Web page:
As you can see below, I'd like to know why the saturation is decreasing with the temperature while the absolute amount of water remains constantly. The image is taken from a description of a transformer where the relative humidity in oil is decreasing with the temperature, so I'd be happy if an explanation could fit to the image.

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I asked a similar Why has warm air a higher water saturation than cold air? but meanwile I think it doesn't really explain the reason. But maybe I miss the forest for the trees.

However: Why is the relative humidity decreasing with the (oil) temperature?


Relative humidity is defined as 100 times the partial pressure of the water vapor in the moist air divided by the equilibrium vapor pressure of the water vapor at the temperature of the air mixture. The equilibrium vapor pressure always increases with temperature. So, for a fixed amount of water vapor in the air (i.e., a fixed partial pressure at constant total pressure), increasing the temperature lowers the relative humidity.

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  • $\begingroup$ Thank you. But why is the equilibrium vapor pressure increasing with the temperature? $\endgroup$ – Ben Jul 22 at 12:55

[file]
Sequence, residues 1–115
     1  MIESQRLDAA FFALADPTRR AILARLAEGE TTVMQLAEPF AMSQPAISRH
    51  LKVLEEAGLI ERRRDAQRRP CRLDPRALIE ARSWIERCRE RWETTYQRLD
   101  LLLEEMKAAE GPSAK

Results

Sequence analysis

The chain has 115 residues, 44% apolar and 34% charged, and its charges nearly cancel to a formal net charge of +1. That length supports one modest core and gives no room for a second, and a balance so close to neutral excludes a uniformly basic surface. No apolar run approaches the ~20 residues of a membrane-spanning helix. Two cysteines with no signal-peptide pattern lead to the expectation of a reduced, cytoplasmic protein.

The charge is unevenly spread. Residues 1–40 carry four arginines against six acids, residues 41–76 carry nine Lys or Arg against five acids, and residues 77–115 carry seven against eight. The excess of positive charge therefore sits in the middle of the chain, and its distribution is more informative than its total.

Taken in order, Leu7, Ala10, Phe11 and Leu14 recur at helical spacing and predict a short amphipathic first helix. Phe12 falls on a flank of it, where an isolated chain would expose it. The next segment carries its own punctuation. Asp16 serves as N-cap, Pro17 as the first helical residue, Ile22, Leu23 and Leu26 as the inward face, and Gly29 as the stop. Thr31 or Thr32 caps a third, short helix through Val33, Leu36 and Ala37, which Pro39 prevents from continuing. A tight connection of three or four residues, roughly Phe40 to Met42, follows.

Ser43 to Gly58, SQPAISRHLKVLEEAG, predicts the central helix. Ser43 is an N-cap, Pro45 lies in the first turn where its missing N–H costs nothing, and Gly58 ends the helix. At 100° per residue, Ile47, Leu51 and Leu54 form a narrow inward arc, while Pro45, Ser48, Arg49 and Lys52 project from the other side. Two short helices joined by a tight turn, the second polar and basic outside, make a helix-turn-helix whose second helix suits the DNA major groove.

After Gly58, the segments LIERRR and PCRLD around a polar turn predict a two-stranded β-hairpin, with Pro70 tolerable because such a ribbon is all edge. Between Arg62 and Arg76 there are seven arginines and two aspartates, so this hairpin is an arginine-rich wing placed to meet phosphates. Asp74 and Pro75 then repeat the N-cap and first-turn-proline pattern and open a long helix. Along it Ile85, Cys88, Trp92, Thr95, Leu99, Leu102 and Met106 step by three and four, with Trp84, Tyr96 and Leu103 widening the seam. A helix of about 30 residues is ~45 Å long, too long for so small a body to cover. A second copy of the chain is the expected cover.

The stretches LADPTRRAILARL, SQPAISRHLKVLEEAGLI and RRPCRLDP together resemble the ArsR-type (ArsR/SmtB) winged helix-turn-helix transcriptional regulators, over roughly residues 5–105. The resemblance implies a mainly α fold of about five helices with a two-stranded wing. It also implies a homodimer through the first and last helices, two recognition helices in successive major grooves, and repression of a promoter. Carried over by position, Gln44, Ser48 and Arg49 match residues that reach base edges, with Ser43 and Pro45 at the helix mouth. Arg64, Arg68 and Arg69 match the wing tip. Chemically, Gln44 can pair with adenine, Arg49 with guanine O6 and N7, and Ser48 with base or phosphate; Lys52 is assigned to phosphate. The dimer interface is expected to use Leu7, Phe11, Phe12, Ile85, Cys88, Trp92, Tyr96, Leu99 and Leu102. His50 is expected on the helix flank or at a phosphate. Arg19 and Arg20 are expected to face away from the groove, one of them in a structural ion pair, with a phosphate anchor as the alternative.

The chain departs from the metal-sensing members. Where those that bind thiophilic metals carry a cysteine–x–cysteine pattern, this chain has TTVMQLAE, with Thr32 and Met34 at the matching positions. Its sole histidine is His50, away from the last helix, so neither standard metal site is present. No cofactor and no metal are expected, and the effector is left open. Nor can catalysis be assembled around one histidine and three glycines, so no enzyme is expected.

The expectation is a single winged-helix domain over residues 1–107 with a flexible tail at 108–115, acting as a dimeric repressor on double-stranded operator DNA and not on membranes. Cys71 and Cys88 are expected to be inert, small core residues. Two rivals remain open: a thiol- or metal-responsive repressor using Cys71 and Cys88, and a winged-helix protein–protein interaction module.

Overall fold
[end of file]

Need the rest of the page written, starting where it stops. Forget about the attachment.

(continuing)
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    $\begingroup$ The development of the relationship between equilibrium vapor pressure and temperature is based on a combination of the 1st and 2nd laws of thermodynamics leading to and expression for the variation of Gibbs free energy as a function of temperature and pressure, combined with the condition that, at equilibrium, the change in Gibbs free energy between the liquid and vapor at equilibrium is zero at all combinations of temperature and pressure along the saturation curve. This all leads to the Clausius clapeyron equation. $\endgroup$ – Chet Miller Jul 22 at 13:49
  • $\begingroup$ Well, I probably have to read up some literature for that. Thank you! $\endgroup$ – Ben Jul 22 at 14:08

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